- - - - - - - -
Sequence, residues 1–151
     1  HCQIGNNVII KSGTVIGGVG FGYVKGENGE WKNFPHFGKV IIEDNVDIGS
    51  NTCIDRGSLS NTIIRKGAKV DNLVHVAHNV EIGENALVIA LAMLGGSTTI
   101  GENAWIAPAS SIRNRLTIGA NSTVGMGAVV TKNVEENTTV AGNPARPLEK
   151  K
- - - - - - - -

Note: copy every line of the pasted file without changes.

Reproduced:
Sequence, residues 1–151
     1  HCQIGNNVII KSGTVIGGVG FGYVKGENGE WKNFPHFGKV IIEDNVDIGS
    51  NTCIDRGSLS NTIIRKGAKV DNLVHVAHNV EIGENALVIA LAMLGGSTTI
   101  GENAWIAPAS SIRNRLTIGA NSTVGMGAVV TKNVEENTTV AGNPARPLEK
   151  K